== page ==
July 20, 2016

IOA Pushes Back on Department of Education's Stance on Clery Act

The International Ombudsman Association has responded to a recent statement by the U.S. Department of Education that Ombuds "generally meet the criteria" for mandatory reporting of campus crimes under the Clery Act.  For many years,  whether an Ombuds would be required to break confidentiality and report details of crimes has been considered a non-issue within the profession. A letter from IOA President Reese Ramos explains how the Department's updated handbook for Clery compliance "seriously misrepresents" the role of Ombuds.

Here's the IOA Special Bulletin advising its members about the situation:
Greetings IOA Members,
The purpose of this message is to update you on action the International Ombudsman Association is taking in response to the Department of Education’s “Handbook for Campus Safety and Security Reporting 2016 Edition” published in June. The Higher Education Act requires all post-secondary institutions participating in Title IV student financial assistance programs to disclose campus statistics on crime and security. The handbook is a guide for academic institutions and is meant to help ensure compliance by defining requirements, including defining “Campus Security Authorities” (CSAs) that must disclose all reports of crime.
In the prior edition of the DOE handbook ombuds were not categorized as CSAs and so it was disconcerting to discover in this latest handbook that ombuds were listed, along with a number of other campus entities, as an example of “individuals (outside of a police or security department) who generally meet the criteria for being campus security authorities.”
IOA has always maintained, and will continue to assert, that categorizing ombuds as CSAs is in conflict with our duties of confidentiality, informality, neutrality and independence. Accordingly, with the guidance of IOA's Title IX Task Force, and the IOA Board’s authorization, I have drafted a formal response on behalf of IOA to the DOE.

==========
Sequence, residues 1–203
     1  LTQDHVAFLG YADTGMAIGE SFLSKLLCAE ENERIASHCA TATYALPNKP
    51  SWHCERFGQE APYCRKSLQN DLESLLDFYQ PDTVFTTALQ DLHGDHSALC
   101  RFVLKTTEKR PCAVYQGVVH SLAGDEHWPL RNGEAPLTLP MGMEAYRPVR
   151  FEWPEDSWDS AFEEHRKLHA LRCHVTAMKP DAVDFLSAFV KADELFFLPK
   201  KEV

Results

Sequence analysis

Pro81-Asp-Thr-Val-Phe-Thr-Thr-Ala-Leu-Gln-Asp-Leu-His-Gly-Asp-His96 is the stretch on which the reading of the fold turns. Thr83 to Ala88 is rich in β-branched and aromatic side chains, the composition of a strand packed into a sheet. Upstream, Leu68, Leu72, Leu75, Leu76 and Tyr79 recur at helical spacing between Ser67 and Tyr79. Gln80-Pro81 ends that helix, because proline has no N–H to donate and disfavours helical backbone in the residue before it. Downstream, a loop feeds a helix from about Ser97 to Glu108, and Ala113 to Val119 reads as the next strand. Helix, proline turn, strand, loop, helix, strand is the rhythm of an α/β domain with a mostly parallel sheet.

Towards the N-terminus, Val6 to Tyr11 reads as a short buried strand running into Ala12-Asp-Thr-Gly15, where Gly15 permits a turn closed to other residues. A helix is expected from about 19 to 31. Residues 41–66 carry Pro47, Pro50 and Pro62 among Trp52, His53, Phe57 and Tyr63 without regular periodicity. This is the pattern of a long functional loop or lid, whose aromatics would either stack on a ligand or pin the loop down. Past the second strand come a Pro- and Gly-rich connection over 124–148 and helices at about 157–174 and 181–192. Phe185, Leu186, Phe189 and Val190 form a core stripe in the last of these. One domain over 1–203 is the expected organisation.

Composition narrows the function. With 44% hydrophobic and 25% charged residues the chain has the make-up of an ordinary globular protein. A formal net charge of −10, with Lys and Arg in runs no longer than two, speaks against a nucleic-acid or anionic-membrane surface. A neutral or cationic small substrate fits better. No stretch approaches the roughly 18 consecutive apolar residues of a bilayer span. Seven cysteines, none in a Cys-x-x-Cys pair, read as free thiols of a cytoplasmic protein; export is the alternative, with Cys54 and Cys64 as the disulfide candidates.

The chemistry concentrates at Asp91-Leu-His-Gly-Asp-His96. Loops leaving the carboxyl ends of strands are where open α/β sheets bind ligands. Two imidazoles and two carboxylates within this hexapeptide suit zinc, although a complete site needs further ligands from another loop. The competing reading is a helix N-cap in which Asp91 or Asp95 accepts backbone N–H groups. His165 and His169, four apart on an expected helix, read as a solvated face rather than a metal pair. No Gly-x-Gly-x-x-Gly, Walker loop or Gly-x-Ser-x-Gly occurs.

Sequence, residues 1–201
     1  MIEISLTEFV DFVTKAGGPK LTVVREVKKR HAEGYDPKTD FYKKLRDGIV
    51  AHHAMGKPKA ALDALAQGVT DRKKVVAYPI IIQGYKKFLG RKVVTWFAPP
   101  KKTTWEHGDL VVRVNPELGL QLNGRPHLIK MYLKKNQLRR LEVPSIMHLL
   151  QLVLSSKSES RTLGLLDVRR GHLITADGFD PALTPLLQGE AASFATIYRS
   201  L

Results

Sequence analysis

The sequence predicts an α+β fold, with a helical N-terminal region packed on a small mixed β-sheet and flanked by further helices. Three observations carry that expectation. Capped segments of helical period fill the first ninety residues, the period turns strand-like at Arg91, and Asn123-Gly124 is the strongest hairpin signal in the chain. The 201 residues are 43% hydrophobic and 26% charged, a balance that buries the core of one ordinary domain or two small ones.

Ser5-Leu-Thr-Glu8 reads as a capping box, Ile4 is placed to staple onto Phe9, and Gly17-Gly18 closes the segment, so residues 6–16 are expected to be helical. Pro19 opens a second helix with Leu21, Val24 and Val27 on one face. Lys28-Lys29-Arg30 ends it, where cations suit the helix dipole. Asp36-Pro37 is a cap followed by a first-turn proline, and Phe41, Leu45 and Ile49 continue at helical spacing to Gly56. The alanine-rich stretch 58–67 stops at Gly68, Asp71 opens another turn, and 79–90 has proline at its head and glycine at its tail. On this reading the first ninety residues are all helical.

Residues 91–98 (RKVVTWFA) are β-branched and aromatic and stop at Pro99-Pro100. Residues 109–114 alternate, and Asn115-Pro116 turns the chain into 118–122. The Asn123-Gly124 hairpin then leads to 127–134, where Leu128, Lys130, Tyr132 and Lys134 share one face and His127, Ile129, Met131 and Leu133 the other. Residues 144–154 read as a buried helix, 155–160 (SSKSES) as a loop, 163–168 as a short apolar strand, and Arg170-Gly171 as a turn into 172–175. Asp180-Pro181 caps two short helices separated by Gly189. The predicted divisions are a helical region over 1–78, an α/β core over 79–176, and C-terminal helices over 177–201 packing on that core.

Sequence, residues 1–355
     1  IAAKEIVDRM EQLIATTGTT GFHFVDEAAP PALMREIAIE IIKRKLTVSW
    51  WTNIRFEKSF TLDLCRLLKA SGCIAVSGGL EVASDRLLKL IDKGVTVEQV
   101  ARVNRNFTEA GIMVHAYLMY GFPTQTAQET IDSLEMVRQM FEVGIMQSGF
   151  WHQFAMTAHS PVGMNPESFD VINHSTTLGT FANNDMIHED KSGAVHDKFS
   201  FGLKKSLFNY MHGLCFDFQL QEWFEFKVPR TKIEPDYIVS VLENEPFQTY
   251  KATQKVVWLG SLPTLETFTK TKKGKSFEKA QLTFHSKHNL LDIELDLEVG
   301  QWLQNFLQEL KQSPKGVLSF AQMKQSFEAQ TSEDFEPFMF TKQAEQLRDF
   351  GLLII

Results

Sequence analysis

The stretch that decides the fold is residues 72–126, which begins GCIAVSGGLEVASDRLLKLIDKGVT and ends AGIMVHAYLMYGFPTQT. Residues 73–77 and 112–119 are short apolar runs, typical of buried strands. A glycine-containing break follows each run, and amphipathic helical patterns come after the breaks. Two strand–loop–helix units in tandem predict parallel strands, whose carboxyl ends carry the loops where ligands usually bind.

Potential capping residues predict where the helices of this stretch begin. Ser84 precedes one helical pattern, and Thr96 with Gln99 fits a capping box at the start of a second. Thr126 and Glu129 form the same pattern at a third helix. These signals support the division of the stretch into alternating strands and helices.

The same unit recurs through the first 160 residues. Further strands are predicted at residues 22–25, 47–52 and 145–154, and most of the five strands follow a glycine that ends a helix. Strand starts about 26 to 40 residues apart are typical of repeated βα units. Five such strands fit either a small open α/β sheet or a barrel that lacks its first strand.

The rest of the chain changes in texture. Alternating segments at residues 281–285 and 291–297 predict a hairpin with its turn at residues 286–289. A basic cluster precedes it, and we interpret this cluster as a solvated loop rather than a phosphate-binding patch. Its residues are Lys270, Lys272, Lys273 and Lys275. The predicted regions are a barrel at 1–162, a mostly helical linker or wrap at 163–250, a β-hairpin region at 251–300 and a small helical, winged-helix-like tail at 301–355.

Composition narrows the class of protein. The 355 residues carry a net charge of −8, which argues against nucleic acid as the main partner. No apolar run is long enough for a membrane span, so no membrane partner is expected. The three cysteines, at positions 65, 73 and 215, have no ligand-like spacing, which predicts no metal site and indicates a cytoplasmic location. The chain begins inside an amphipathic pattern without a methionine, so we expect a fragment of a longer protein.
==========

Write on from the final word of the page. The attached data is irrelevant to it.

The letter to the DOE explains why it is incorrect to include Ombuds as an example of “generally meeting the criteria” for being classified as CSAs and also request of the DOE that they correct this error.

I will keep you updated of the DOE’s response and any other developments. In the meantime, I hope that this formal letter, along with our recently published memo on Title IX will serve you and your respective campuses as we help stakeholders better understand the role of the ombuds and the importance of confidential resources for students in post-secondary institutions.
Reese Ramos
IOA Board President
(IOA Special Bulletin.)

Related posts: IOA Takes Position on Proposed SEC Ombuds Program; IOA Takes a Stand on Title IX Issues; Update: Additional Info Clarifies Chronicle of Philanthropy Article About Red Cross Ombuds; IOA President Returns to Lead Board for Second Term; IOA Annual Report: Association Builds on Strategic Plan in 2015; IOA Releases Memo Providing Legal Grounds for Ombuds Confidentiality in Title IX Matters; U.S. Department of Education Suggests University Ombuds Should Report Crime Statistics.

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